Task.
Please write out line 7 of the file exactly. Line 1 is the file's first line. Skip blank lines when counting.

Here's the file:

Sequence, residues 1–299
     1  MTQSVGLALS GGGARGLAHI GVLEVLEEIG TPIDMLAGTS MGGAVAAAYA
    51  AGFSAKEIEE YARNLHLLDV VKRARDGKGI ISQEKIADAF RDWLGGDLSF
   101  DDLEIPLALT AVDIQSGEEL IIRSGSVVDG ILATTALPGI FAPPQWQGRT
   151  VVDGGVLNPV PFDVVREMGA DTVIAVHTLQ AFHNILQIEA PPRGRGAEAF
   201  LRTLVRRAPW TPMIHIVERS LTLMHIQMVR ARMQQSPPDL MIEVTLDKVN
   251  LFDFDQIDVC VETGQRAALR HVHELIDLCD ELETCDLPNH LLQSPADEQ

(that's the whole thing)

   251  LFDFDQIDVC VETGQRAALR HVHELIDLCD ELETCDLPNH LLQSPADEQ